The cricket bars are an idea of ​​Michiel and Anneleen Van Meervenne. They were looking for a healthy alternative to the unhealthy snacks in candy machines. In this way they want to change the mentality of consumers with a low-threshold product. You don't see any crickets in the bar. They are dried and finely ground into flour. A conscious choice to make insects mainstream.

Carrefour is currently trying out 'Kriket' bars in 120 stores within a 40-kilometer radius around the Kriket site in Brussels. This can be expanded if the sale runs smoothly. At AVEVE shops in Belgium the bars are normally in all branches.

The foreign market is the next step. The intention is to place the snacks on the shelves of around 100 stores in a Dutch chain. Kriket will soon be launching a new chocolate bar and working on new products such as granola and muesli.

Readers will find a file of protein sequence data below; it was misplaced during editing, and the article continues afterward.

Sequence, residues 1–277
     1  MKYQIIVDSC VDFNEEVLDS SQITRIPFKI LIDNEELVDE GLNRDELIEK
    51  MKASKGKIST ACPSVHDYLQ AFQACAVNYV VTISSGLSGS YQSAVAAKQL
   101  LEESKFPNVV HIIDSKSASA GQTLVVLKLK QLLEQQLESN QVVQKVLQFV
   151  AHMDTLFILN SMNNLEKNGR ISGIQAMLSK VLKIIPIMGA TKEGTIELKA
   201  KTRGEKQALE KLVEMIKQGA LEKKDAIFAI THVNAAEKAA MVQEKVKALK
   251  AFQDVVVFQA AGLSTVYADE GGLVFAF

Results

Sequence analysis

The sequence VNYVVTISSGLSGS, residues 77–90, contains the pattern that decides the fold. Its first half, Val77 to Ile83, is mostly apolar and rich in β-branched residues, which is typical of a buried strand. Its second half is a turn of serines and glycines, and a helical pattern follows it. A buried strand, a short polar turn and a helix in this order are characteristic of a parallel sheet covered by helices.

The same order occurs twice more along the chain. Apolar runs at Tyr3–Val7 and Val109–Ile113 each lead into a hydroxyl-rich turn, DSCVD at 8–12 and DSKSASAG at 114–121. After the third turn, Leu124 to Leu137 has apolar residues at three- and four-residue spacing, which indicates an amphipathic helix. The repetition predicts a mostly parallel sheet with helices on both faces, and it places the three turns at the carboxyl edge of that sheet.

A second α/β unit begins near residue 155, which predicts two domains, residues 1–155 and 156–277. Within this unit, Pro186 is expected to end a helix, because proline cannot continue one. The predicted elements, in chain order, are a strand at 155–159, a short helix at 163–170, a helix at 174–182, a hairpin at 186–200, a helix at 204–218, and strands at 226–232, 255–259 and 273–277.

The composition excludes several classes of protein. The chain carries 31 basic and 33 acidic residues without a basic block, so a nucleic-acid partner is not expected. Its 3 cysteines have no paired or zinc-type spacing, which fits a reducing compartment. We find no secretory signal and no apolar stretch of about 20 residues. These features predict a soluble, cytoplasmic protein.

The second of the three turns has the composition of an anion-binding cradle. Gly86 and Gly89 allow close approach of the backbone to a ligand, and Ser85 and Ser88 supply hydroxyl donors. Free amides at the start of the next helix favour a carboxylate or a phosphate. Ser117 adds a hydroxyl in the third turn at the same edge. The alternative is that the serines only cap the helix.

The production of crickets by the Belgian Little Food is based on the principle of the circular economy, because the crickets are indeed fed with the remains of sunflower seeds intended for the production of oil. As a result, the consumption and waste of raw materials are limited.

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Sunflower Helianthus annuus
Application area
Food & feed
Commercial stage
Public availability
Relevant plant compounds

Examples of end products

Kriket protein bar

Pros and cons

Used conversion methods

Mechanical-Physical processes